Consider applying for food stamps under the Supplemental Nutrition Assistance Program (SNAP) through your state SNAP office. Your household must meet income limits and other criteria to be eligible for food stamps under SNAP.
What Are the Health Care Options for Low-Income Students?
Health insurance coverage varies significantly across the United States, with nearly 14% of college students going uninsured in Texas alone. Other states don’t compare, but they still have a significant number of students going without health care.
Given the high cost of health care in the U.S., finding affordable health services can seem daunting. Where higher-income families can afford to keep their children on their own insurance policies while they’re in college, students from low-income families rarely have this option.
Some colleges and nonprofit organizations make health-related support services available to students. Federal and state governments can also lend support.
Contact Campus Health Care Center
Many university campuses have health care centers and clinics that cater to students. These clinics might offer some care free of charge or at a reduced cost. Some universities also offer access to affordable insurance at group rates.
Look Into Local and National Health Organizations
Finding health care is a challenge for students who don’t have a permanent home. Some organizations are devoted to helping homeless individuals find health care free of charge. You just have to search for them in your community.
Some good places to start are with the National Health Care for the Homeless Council, an organization dedicated to finding ways to make health care available to low-income and homeless people. You can find resources in your state through their directory of health care providers, which the organization helps fund.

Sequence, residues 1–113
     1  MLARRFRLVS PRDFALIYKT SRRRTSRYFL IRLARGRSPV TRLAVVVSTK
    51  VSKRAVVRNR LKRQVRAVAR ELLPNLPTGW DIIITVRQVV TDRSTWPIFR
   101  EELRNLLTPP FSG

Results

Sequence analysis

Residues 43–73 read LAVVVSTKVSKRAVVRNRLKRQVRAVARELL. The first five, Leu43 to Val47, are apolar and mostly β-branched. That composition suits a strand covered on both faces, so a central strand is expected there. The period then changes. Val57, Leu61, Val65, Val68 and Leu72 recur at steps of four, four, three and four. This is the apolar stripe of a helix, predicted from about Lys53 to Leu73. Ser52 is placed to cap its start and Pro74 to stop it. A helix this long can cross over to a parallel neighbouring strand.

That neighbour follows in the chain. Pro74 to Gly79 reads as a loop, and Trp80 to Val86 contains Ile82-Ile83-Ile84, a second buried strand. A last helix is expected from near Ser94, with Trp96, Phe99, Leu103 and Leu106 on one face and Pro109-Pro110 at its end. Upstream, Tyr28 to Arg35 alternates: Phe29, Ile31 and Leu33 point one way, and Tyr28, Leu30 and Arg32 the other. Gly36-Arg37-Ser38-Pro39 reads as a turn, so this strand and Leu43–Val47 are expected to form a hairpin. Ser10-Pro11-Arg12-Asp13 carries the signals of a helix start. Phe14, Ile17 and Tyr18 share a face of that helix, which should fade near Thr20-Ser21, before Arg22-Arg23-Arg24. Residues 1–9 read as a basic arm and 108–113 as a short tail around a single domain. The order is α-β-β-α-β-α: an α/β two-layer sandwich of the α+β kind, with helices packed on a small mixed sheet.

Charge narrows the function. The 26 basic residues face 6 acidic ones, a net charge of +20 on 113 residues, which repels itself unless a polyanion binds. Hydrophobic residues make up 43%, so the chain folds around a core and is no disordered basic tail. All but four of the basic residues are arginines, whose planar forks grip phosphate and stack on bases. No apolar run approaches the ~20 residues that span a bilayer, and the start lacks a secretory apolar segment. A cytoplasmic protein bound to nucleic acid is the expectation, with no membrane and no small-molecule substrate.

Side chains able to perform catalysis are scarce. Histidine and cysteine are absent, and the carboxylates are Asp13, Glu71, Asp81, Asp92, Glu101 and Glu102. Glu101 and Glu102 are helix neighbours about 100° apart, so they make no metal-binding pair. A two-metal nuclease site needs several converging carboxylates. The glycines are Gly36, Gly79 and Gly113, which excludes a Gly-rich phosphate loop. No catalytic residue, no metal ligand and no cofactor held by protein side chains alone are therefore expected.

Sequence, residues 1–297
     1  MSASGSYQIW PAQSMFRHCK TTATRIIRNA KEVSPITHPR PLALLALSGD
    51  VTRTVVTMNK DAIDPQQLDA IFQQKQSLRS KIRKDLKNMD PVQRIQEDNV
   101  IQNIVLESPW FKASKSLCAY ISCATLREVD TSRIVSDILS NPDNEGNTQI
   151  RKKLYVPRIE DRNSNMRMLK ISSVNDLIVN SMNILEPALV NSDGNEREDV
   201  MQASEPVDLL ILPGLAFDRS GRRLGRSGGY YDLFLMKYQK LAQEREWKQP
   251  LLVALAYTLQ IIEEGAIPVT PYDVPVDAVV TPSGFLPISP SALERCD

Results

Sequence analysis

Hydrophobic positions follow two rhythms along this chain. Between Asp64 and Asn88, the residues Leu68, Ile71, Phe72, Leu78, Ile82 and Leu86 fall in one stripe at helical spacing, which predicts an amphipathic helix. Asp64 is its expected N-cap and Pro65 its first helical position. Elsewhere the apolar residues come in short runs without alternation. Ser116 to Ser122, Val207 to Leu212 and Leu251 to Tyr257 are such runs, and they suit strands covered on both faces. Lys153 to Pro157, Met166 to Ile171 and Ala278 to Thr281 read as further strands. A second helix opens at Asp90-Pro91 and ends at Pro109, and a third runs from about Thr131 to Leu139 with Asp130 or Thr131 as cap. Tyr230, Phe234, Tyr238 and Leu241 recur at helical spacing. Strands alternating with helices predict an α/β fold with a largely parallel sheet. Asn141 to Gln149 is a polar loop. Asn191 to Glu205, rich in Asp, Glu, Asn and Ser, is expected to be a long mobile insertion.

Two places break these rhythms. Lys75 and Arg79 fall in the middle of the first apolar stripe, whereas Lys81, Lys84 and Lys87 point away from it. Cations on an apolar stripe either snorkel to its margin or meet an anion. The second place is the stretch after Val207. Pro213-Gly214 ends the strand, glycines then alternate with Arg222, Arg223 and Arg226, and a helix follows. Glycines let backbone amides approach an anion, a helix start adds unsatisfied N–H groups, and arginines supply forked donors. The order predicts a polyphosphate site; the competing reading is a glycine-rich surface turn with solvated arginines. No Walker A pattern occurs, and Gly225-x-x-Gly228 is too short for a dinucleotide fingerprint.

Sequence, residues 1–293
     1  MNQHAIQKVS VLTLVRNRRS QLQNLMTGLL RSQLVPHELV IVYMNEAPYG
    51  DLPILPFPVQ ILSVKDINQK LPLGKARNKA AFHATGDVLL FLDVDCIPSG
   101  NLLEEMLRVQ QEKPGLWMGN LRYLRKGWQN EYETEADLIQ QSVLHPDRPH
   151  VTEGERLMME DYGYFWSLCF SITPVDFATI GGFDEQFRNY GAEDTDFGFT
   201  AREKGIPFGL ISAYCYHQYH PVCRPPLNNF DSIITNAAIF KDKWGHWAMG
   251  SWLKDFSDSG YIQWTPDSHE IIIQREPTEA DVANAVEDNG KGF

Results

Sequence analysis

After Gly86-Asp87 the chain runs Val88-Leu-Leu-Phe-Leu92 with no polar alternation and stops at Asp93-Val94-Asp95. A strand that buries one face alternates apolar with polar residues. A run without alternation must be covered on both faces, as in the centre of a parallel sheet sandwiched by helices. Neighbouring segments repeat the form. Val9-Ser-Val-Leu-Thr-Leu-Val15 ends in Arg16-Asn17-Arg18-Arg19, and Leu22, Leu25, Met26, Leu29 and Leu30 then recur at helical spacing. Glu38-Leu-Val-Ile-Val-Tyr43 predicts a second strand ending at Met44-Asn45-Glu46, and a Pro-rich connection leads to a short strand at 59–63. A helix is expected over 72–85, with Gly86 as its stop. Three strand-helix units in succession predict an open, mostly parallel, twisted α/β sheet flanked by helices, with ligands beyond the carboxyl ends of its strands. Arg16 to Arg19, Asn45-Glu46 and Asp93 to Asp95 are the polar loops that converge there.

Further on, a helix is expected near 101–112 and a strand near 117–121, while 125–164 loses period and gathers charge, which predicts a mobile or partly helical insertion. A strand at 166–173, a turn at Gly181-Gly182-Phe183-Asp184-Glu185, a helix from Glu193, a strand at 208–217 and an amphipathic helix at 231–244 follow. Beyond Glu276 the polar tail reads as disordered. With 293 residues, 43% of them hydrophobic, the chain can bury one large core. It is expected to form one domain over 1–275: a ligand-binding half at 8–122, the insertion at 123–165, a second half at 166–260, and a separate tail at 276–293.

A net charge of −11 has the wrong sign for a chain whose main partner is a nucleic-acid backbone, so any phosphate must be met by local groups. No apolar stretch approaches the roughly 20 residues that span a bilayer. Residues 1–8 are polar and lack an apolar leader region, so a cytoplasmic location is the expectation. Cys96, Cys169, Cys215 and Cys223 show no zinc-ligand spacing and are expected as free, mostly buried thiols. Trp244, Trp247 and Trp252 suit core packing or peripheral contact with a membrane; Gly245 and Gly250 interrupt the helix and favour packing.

College students who aren’t claimed as their parents’ dependent (meaning they must be living on their own and not covered by their parents’ health insurance) may qualify for free health insurance through Medicaid.
Medicaid is a federally funded health care program for low-income earners who can’t afford health insurance on their own. Many students either don’t work or only work part time, which means that they might be eligible for Medicaid under the program’s income parameters.
To find out if you might qualify, check with your state’s health care exchange or go to HealthCare.gov to see if you’re eligible for free health insurance coverage under Medicaid or reduced cost coverage under the Affordable Care Act.
Transportation Options for Low-Income Students
The expense of finding transportation to and from school and work can also affect a low-income student’s chances of succeeding in college. Fortunately, some resources can help.
Look Into Transportation Discounts Using a Student ID
Many public transit systems offer student discounts. Check with your municipal transit authority or your school’s transportation office to see if there is a program in your area. Usually, you will need to present a valid student ID to qualify for ride discounts.
A great alternative to owning and maintaining a car is carpooling with other students. With the rising cost of gas, many of your fellow students will be happy to offer you a ride in exchange for helping out with the cost of gas. It’s a win-win. You get a virtually free ride, and they get help covering some of their transportation expenses.
Find More Savings and Resources
Managing all the costs of going to college and the living expenses of a student — including paying for tuition, books, housing, food, medical care, and transportation — can be a struggle for most students.
If you come from a low-income background with little or no financial support, the struggle can be overwhelming. Creating success as a student is possible as long as you take some time to understand and take advantage of available programs.
It’s important to budget wisely and watch every penny; that’s where CouponFollow can help. The best coupon offers, cash-back opportunities, and savings tools are just a click away.